Until recently, I’d never understood the passion people hold for football. Before lockdown and the brief cancellation of Premier League fixtures, I didn’t realise how much, in passing, I missed it. Fever Pitch, then, has come at the right time, a film not about yobs and hooliganism, but intense love for sport and the bonding it can bring to those that have nothing else. Fever Pitch looks to appreciate and understand such a mindset, how football can mean so much to someone, and how those on the outside of this universally loved sport don’t understand the intense passion for twenty-two men kicking a ball up and down a field for varyingly ludicrous amounts of cash.
Fever Pitch offers up the throes of obsession, how a hobby can evolve and morph, taking over every second of our free time. The line between passion and erratic, emotionally damaging enthusiasm is blurred consistently in a leading performance that offers up a different style of acting for Colin Firth. It’s something audience members may not be used to, a foul-mouthed football fanatic makes a great change of pace for him, instead of becoming the usual heartthrob or shy hero, here he presents us a violently bored individual who loves nothing but Arsenal, with no drive in life other than to see his club reach the top of the table.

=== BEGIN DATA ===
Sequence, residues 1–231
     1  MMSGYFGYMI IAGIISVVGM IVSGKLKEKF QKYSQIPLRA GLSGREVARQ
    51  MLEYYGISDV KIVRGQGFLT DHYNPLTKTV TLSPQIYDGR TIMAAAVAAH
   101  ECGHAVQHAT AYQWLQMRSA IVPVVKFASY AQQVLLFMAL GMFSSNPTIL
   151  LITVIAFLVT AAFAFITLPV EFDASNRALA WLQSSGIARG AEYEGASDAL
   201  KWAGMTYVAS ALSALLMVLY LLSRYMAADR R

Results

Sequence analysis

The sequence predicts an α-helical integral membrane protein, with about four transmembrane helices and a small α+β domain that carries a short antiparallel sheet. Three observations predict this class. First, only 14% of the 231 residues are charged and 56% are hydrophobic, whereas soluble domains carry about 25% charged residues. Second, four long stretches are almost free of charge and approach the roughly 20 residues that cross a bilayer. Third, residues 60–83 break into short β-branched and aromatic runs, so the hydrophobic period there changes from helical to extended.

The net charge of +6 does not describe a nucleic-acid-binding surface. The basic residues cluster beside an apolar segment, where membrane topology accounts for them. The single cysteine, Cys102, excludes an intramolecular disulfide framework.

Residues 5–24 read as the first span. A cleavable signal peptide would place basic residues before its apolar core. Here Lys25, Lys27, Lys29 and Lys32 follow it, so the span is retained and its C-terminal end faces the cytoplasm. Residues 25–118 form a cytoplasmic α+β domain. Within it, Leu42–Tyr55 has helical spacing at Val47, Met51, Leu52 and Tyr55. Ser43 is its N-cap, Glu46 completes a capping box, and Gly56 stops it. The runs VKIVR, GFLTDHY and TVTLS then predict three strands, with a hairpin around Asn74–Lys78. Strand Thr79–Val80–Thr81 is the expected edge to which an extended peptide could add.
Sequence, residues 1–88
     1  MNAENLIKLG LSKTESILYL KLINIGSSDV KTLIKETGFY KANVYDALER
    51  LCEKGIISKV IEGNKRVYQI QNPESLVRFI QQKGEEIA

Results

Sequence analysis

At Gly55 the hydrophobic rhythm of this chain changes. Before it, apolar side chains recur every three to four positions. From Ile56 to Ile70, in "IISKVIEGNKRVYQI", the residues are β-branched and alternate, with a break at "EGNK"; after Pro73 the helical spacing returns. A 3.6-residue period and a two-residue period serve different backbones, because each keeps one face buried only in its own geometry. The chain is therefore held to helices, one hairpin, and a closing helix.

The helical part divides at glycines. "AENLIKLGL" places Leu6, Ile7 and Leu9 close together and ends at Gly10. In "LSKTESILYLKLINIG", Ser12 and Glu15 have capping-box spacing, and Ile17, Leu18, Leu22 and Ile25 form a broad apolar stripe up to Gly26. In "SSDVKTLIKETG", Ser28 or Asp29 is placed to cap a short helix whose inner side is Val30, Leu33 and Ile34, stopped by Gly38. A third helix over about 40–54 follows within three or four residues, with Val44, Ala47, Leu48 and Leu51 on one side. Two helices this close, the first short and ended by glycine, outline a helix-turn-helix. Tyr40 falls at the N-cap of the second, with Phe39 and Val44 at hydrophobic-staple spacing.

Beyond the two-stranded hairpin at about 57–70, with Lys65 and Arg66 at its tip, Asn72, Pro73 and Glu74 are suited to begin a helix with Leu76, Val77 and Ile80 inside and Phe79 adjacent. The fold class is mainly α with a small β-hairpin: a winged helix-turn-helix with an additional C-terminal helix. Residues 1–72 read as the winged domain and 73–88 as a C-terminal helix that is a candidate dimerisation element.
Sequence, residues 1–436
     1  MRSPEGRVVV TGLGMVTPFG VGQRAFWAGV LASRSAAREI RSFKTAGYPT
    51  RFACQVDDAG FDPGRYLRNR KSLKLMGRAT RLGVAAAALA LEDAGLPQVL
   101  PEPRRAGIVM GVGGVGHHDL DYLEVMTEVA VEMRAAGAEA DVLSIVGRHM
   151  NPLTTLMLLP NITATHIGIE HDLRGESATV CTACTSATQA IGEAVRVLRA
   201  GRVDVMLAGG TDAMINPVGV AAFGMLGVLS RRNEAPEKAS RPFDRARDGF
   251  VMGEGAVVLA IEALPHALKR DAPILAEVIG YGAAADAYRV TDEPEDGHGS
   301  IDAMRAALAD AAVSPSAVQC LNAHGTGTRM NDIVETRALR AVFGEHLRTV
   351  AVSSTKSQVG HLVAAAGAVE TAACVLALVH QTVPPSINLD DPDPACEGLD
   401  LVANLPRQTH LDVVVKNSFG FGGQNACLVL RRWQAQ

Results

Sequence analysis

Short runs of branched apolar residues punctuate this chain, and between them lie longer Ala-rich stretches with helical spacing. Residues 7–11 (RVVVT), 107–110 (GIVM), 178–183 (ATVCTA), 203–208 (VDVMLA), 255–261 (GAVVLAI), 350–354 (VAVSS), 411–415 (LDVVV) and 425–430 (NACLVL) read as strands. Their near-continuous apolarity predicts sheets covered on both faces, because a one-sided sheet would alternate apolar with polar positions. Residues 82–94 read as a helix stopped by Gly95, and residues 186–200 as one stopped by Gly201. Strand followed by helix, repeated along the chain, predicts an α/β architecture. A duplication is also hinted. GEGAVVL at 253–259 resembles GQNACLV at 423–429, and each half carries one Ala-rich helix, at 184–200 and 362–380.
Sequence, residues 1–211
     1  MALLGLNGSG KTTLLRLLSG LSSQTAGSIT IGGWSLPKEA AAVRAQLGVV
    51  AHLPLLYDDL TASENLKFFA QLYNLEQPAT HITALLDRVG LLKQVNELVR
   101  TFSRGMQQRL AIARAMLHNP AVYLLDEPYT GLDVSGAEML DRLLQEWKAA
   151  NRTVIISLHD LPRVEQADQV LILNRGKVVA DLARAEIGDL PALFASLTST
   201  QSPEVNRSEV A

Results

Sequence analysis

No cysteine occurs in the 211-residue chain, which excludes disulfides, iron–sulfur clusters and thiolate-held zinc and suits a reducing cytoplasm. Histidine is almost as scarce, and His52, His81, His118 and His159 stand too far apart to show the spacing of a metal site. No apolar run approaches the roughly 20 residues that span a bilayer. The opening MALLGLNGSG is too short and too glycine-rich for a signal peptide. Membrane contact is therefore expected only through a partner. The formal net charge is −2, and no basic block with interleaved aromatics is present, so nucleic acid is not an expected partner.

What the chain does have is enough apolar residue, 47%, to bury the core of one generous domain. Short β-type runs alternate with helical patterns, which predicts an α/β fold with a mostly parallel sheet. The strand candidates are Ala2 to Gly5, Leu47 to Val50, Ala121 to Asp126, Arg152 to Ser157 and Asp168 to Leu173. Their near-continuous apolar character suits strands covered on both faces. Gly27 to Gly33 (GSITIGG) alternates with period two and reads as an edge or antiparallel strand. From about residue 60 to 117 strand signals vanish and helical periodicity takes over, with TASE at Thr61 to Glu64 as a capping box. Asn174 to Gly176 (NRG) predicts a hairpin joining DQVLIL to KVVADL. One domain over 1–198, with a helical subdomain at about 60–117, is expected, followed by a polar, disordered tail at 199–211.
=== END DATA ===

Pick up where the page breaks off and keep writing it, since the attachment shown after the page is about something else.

A surprisingly strong cast brings Firth and Mark Strong together, their commendable chemistry makes for an enjoyable supporting storyline to the back and forth found within the leading drama. Ruth Gemmell and Firth have some decent chemistry with one another, they share a couple of engaging scenes that detail a typical back and forth dynamic. There are places where it could do with some great improvements, but for the most part, I can take comfort in its predictability, mainly because of how harsh it becomes. The cliché is taken to its extremes, and it makes for a relatively fresh pairing of two different backgrounds clashing and coming together in a sentimental time.
Quintessentially British, ever so charming, and not too taxing on the mind, Fever Pitch will relay the same few messages, but knows not to outstay its running time. It throws some rather dense, melodramatic prose at the wall to see what sticks, and pulls it off surprisingly well. Firth and Gemmell hold it together, though, I imagine that without their steadiness as performers this would be a revoltingly horrible experience. But consistency is key with this one, and director David Evans manages to craft a film so harmless that it’d be impossible for him to leave his mark. A completely solid rom-com that focuses in on a love for The Gunners, it’s the mindless entertainment I needed.